Mayor Caldwell leads a press conference at the new Pūnāwai Rest Stop located on Kūwili Street in Iwilei.
Blessing held for new Pūnāwai Rest Stop
News Release from City and County of Honolulu, January 8, 2019
Honolulu – Today, Mayor Kirk Caldwell and City Council member Joey Manahan led a blessing ceremony for the city’s new Pūnāwai Rest Stop located at 431 Kūwili Street in Iwilei. Misty Kela‘i, Executive Director of the Mayor’s Office of Culture and the Arts, blessed the new facility with pa‘akai (salt) to make sure everything is pono (just) with the new employees, the guests they will be receiving, and the Iwilei community.
Shower and laundry services will be available at the Pūnāwai Rest Stop from 7 a.m. to 7 p.m., seven days per week. Mail service is also available to guests, who can utilize the Kūwili Street address to receive their correspondence. Security guards will be on the property during all hours of operation for guest safety, and security surveillance cameras will also be in use.
“The Pūnāwai Rest Stop is a clean, safe and welcoming facility where individuals and families can come and use restrooms, shower and laundry facilities at no cost to patrons,” said City Council member Manahan, who first proposed the idea and represents the Iwilei area. “Many of Honolulu’s homeless individuals don’t have access to showers or restroom facilities, and a person experiencing homelessness would have to resort to libraries, parks, and porta potties to meet their daily hygienic needs. There are many individuals, who despite their living situation, are trying to keep their jobs. The availability of a safe, reliable and dignified place where people can get cleaned up is not only beneficial to our patrons, but also to the surrounding businesses and community.
“There are no barriers to enter the Pūnāwai Rest Stop – everyone is welcome. Our program treats homeless individuals with compassion and respect while encouraging self-sufficiency. Patrons schedule their appointments and are responsible for keeping them. This practice teaches self-respect and respect for others. This facility strives to make a difference in the community, and the staff hopes to help those in need for a chance at a clean start each day.”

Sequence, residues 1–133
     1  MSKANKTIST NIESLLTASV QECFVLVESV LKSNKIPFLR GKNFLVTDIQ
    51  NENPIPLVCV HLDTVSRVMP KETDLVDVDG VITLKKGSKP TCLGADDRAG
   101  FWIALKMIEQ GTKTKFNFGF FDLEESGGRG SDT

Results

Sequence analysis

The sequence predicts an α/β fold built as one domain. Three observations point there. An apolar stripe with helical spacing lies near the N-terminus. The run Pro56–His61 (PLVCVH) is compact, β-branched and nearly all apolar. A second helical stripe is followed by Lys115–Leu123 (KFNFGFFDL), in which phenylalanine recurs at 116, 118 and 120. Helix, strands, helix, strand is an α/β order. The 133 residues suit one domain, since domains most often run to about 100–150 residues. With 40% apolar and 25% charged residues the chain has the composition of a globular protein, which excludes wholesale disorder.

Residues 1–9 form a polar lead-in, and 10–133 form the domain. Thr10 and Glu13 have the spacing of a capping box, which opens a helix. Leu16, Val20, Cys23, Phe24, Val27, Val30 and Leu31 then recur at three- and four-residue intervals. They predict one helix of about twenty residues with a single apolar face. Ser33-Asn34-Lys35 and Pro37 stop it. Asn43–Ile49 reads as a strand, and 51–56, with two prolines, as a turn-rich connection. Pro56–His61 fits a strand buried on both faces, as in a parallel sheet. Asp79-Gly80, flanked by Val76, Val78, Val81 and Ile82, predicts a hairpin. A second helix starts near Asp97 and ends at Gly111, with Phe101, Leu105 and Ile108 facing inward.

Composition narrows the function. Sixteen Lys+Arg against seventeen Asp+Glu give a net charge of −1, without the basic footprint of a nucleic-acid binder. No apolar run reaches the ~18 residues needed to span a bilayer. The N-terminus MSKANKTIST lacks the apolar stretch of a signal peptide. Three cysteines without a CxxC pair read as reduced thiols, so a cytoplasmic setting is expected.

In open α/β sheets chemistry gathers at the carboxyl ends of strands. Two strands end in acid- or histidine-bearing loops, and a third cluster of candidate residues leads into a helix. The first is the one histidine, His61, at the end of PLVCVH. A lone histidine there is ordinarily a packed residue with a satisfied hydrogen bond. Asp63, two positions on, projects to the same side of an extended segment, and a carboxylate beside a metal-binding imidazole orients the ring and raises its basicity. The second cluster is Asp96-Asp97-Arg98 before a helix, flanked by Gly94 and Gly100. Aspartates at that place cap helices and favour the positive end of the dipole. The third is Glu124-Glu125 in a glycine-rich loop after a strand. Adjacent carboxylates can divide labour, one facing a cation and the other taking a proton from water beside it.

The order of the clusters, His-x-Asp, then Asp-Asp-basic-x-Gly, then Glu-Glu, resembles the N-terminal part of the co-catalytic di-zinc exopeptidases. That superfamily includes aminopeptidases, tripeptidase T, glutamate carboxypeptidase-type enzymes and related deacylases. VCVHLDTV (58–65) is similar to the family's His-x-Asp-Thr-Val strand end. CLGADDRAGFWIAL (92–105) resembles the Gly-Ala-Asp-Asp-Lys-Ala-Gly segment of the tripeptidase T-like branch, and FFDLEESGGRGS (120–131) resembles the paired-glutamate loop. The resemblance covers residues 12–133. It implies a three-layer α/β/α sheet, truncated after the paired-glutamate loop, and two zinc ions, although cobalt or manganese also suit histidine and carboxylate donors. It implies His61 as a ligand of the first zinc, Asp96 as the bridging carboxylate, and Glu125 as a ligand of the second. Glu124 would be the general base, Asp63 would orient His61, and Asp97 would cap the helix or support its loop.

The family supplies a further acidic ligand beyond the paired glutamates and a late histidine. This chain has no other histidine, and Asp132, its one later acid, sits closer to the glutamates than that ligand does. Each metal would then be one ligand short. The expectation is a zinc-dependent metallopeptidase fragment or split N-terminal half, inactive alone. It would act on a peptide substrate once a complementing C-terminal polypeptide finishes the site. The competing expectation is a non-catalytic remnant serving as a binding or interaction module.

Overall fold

The Pūnāwai Rest Stop is located on the ground floor of a four-story building on Kūwili Street that was purchased by the city in June of 2016 for $6.3 million. The name Pūnāwai refers to a spring or well of water, which is hoped to bring wellness and cleansing to the facility, its patrons and staff.
“The new Pūnāwai Rest stop will be an incredible asset to everyone trying to end homelessness on O‘ahu,” said Mayor Caldwell. “I want to thank everyone involved in this project for the hard work that went into making this first of its kind rest stop a reality. One of the most important factors in dealing with homelessness is to knock down any barriers. This facility does just that while also providing a welcoming environment for individuals, including their pets. From its shower facilities, to the mail service that’s provided, the goal of this rest stop is to treat our homeless population with compassion and understanding. We want to provide services and facilities to help people move off our streets where their lifespan is much shorter than the average person.”
The Pūnāwai Rest Stop is the first of its kind in the City and County of Honolulu and follows the successful implementation of a smaller rest stop in the Chinatown area. Eight showers are available at the new rest stop for male and female clients, including a shower for ADA clientele. The intake area allows staff to greet clients in a friendly and non-threatening environment where they will be referred to other services that are available. The rest stop is also pet friendly, as kennels are available to guests upon registration. Lockers to store personal belongings are also located nearby and the facility includes a machine that kills bed bugs with intense heat.
The Pūnāwai Rest Stop will be operated by Mental Health Kōkua, which also operates the rest stop in Chinatown. The nonprofit organization secured the bid to operate the new rest stop for one year at a cost of $1 million. The contract allows the city to extend the agreement with Mental Health Kōkua up to four times for one year extensions.
The city’s Department of Community Services and the Department of Design and Construction worked with Paradigm Construction and management company Trinity Management Group LLC to complete construction of the Pūnāwai Rest Stop at a cost of $4.3 million dollars.